Eating disorders are complicated illnesses with serious consequences for our physical and mental health. The prevalence of eating disorders has remained relatively constant for the past 50 years. People of all ages, genders, socioeconomic statuses and ethnicities may be affected by eating disorders.
Eating disorders, both past and current, influence people's ability to conceive and pregnancy outcomes. To better understand what people with a history of eating disorders should be aware of, HerZindagi exclusively spoke to Dr Hima Deepthi is a Fertility Consultant at Nova IVF Fertility, Banjara Hills, Hyderabad.
Description of Eating Disorders in Nutshell
- Anorexia nervosa is restricted feeding, fear of gaining weight, and a distorted body image are all symptoms of an eating disorder.
- Bulimia nervosa: Binge eating on a regular basis, a sense of loss of control while eating, and compensatory actions to avoid weight gain.
- Binge eating disorder is similar to bulimia nervosa, but it lacks the compensatory behaviours that bulimia nervosa does. In the United States, this is the most common eating disorder.
“Avoidant restrictive food consumption disorder, also known as "selective eating disorder," is a relatively recent condition. It's similar to anorexia in that both conditions restrict the amount and/or types of food eaten, but unlike anorexia, there's no concern for body shape or height. Irregular eating or weight-related activity that does not easily fit into the mentioned categories above is classified as an eating disorder not otherwise specified,” told Dr Hima Deepthi to Hz.
Is Having An Eating Disorder A Factor In Infertility?
In eating disorders, changes in menstrual cycle regularity aren't always irreversible. According to some reports, the majority of people with anorexia and amenorrhea can expect their cycles to return to normal after six months of getting closer to their "normal" weight for their height. (Each individual has a genetically predetermined ideal weight that may or may not correspond to conventional BMI curves.)
However, irregular cycles do not rule out the possibility of pregnancy. In reality, “women with eating disorders are twice as likely to have an unintended or unplanned pregnancy, according to two population-based studies (suggesting it's something worth noting). People may believe that irregular or absent periods mean they have no chance of becoming pregnant, and as a result, they avoid using contraceptives, according to the writers of these studies,” said Dr Deepthi.
People who have unplanned pregnancies (who previously thought they wouldn't be able to get pregnant) are less likely to obtain early prenatal and maternity treatment, reduce alcohol use, and begin taking a prenatal supplement — both of which may have serious consequences for the growing foetus’s health in the future. “None of these factors is specific to people with eating disorders, but they are worth mentioning because of the increased risk of unintended pregnancy in this population,” explained Dr Hima Deepthi.
Is It True That Having An Eating Disorder Affects Your Pregnancy?
Here, we'll discuss some of the most researched pregnancy outcomes in relation to eating disorders.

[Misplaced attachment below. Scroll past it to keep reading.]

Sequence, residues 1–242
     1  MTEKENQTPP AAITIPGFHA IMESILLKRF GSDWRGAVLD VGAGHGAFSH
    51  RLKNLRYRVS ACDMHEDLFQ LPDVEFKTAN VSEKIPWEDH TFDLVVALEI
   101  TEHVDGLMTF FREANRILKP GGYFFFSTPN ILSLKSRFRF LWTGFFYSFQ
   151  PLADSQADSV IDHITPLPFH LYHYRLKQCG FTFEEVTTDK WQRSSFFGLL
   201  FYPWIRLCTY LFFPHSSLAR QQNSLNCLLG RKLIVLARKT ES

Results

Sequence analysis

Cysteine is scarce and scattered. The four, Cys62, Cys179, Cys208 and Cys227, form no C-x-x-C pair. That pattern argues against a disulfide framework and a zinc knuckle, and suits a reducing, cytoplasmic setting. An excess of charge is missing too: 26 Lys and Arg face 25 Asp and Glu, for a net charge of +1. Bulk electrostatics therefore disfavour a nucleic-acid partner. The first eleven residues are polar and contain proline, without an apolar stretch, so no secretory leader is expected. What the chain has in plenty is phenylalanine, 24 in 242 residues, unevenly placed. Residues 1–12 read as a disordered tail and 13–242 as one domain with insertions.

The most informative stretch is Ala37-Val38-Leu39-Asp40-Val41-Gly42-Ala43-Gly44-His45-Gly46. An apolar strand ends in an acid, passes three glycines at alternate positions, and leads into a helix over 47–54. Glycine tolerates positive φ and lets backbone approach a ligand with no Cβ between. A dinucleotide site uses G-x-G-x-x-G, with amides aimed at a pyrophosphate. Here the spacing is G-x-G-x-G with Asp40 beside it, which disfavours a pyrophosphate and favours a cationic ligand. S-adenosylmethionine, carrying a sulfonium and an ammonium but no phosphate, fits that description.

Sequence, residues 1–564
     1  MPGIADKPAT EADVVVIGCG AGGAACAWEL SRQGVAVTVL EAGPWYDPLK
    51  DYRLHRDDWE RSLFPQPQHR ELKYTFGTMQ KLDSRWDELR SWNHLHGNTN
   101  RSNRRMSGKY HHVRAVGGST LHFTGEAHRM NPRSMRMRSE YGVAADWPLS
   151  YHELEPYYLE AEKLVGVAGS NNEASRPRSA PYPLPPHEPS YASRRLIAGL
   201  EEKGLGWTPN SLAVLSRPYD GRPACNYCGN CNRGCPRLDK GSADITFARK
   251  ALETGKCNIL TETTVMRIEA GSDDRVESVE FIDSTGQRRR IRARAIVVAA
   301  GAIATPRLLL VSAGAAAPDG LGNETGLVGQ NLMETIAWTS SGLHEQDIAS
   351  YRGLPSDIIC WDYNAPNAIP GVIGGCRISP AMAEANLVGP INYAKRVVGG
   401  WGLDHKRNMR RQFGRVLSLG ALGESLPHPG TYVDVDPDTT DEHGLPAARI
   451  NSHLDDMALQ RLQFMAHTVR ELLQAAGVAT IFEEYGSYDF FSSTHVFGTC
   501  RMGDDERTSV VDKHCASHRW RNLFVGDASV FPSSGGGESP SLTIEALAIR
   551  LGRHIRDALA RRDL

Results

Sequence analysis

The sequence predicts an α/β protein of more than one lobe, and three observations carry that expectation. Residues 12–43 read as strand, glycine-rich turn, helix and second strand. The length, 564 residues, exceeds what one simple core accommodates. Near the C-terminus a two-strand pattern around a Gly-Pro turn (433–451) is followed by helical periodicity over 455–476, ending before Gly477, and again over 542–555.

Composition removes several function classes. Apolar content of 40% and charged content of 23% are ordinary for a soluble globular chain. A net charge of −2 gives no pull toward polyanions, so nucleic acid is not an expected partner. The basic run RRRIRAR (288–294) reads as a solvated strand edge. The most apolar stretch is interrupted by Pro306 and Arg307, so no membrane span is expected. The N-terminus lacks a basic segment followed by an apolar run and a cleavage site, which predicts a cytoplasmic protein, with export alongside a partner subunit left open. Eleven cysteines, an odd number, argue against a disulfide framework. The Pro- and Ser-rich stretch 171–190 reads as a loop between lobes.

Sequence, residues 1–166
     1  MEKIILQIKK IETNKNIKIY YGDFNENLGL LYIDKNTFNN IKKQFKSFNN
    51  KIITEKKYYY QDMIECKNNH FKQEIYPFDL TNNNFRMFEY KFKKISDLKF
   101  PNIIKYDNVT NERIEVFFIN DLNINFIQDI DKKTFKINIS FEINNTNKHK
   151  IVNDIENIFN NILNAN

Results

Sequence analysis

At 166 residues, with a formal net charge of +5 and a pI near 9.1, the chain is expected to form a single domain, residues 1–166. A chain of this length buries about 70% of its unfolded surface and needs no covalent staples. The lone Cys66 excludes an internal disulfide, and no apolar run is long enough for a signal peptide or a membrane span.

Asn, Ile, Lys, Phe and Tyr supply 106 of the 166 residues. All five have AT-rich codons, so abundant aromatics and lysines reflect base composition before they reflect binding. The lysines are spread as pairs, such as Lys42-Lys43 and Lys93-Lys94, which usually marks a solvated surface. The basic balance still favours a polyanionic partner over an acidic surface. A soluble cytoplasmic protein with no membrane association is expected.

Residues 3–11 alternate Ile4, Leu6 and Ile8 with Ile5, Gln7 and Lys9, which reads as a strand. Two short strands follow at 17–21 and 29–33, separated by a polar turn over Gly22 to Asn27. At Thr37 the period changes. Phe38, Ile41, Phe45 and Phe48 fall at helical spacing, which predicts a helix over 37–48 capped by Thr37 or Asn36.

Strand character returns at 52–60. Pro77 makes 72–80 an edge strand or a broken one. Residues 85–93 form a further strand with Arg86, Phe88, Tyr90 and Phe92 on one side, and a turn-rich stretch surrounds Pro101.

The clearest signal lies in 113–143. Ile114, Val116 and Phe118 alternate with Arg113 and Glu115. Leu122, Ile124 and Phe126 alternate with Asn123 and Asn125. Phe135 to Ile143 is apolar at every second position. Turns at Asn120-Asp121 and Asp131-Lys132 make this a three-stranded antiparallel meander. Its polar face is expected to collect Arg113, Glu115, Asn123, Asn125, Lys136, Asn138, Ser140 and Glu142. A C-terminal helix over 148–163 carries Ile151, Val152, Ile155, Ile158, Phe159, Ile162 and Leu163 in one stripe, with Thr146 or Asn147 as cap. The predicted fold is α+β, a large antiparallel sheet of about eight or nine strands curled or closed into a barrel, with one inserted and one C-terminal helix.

“Some evidence shows that women who have either current or previous anorexia have more miscarriages than those who have never had an eating disorder. The reason that people with a history of anorexia are more likely to miscarry may be due to the fact that people with a history of anorexia have lower BMIs on average (even though they're in remission), and low BMI is linked to a higher risk of miscarriage in general,” explained Dr Hima Deepthi.
Low birth weight is linked to infant mortality, as well as the possibility of such health consequences in adulthood (e.g., cardiovascular disease). Present anorexia, but not active bulimia, past anorexia, or past bulimia, is linked to lower birth weight in population-based research. Others claim that anorexia can have a minor effect on birth weight, but not enough to be clinically significant.
What About Nursing?
It is important for all moms to consume enough “high quality” calories. Breastfeeding requires energy for a woman's body to provide enough milk for her son. Women who do not consume enough calories can have difficulty producing milk. Non-food products can contain something potentially harmful to the infant, such as lead, which can cause pica.
“Breastfeeding mothers with an eating disorder are more likely to avoid breastfeeding within the first six months, according to research. Women with eating disorders, on the other hand, will effectively breastfeed their babies even though they are on medication. Seeking support from healthcare professionals (doctors, nurses, lactation consultants), relatives, colleagues, and support groups is crucial (online, over-the-phone, and in-person),” said Dr Deepthi.
Keep Note Of It
When you do become pregnant, try to eat a healthy, well-balanced pregnancy diet, take your prenatal vitamins, and remain hydrated by drinking plenty of fluids. This will help you and your upcoming baby stay safe! And visit a doctor for further information and proper guidance.
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